More About Kork-Ease & Kork-Ease Coupons
Kork-Ease was born in Brooklyn in 1953. About twenty years later, the brand solidified its spot in footwear history with the release of the famed buffalo sandal; a sky-high platform wedge with crisscrossing thick leather straps. That sky-high wedge sandal flourished in 1970's New York. In the aftermath of the spirited 1960's came the height of bell-bottomed disco fever. It's impossible to picture any dance floor beneath the disco ball without imagining fashionistas in the crowd wearing their cork wedge. The sandal, known as the "buffalo sandal," is the shoe that stood in line at Studio 54. It's also the shoe that launched a thousand copies. Beyond dance floors, their famed sandal traipsed across Manhattan crosswalks, rounded Brooklyn corners, and populated every corner of the country where disco reigned.
How to save more at Kork-Ease?
- Sign up for a Kork-Ease Rewards Card to collect points to spend in-store and enjoy the perks of being a valued customer.
- For any reason you'd like to return your purchase, do so within 30 days and receive a full refund.
- When you've used one of our coupons to save money, you can take advantage of Kork-Ease's free delivery option to bring the item straight to your door.
How to use a Kork-Ease Special Offer?
Click on the deal of your chosen deals or coupon codes before going through to Kork-Ease. Browse to choose something you want to buy for a long time, when you have made your decision, click the basket icon to check your order summary. Your discount will have been applied if you have a coupon code and you actually use it in the 'Enter it here' box.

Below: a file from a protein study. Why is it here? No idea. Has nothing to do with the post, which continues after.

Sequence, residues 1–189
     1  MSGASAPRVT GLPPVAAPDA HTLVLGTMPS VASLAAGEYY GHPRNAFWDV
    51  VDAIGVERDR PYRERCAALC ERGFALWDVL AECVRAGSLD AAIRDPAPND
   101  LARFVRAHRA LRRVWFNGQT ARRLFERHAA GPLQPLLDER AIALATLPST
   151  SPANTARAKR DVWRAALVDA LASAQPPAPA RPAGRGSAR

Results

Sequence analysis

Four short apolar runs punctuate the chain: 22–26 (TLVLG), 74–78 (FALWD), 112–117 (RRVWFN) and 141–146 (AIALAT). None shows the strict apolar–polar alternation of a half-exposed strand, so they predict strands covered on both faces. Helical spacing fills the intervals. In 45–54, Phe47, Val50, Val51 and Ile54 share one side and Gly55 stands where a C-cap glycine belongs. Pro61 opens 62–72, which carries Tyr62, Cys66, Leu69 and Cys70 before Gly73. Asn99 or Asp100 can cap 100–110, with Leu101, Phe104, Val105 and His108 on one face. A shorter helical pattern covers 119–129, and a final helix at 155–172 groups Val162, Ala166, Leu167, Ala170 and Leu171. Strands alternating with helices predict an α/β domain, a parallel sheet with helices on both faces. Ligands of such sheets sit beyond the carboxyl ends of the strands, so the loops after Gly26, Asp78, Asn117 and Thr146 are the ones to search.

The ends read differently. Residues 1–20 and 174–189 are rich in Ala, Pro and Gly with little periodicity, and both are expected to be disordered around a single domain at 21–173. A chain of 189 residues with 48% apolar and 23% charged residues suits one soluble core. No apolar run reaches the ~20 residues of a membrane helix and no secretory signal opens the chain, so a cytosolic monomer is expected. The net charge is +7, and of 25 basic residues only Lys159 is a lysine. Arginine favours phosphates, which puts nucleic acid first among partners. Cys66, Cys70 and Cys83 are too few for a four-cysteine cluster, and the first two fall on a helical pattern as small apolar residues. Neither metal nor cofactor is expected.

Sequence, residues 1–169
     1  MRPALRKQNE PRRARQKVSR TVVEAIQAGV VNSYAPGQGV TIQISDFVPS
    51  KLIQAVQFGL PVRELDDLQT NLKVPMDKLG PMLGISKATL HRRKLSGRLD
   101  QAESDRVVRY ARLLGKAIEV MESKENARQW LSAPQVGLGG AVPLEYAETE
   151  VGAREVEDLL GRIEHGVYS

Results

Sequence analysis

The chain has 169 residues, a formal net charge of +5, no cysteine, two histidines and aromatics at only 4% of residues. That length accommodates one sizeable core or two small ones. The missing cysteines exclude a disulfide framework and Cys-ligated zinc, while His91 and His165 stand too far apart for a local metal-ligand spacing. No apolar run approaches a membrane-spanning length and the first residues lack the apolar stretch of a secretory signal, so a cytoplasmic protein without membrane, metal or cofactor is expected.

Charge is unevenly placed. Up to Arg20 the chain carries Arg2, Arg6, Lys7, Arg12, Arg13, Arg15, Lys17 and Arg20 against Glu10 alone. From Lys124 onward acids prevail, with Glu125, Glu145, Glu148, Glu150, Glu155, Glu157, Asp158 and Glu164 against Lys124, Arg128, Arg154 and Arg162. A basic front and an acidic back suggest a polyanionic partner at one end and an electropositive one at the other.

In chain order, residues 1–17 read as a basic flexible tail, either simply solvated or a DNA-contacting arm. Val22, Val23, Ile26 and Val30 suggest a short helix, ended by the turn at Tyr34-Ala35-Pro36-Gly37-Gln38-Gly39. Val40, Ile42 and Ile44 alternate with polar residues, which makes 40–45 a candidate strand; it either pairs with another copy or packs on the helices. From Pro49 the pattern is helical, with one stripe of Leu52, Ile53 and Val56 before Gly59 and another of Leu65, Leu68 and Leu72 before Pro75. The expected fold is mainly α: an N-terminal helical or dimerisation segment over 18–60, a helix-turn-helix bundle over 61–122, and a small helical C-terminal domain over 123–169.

Q:What about shipping policy?
A:Taxes that appear on your online order are approximate. The actual taxes charged to your credit card will reflect the applicable state and local sales taxes, and will be calculated when your order is shipped. Orders shipped to CT, MA, and ME will have all applicable local and state sales taxes added to your total order, and to your shipping charges where appropriate.To be clear, the Internet Tax Freedom Act (ITFA), which was signed into law on October 21, 1998, does not, as some have asserted, preclude sales and use taxes on any and all commerce conducted over the Internet. State and local governments are allowed to impose sales and use taxes on all such electronic sales, provided that the tax (and its rate) are the same as that which would be imposed on the transactions if they were conducted in a more traditional manner, such as over the phone or through mail order.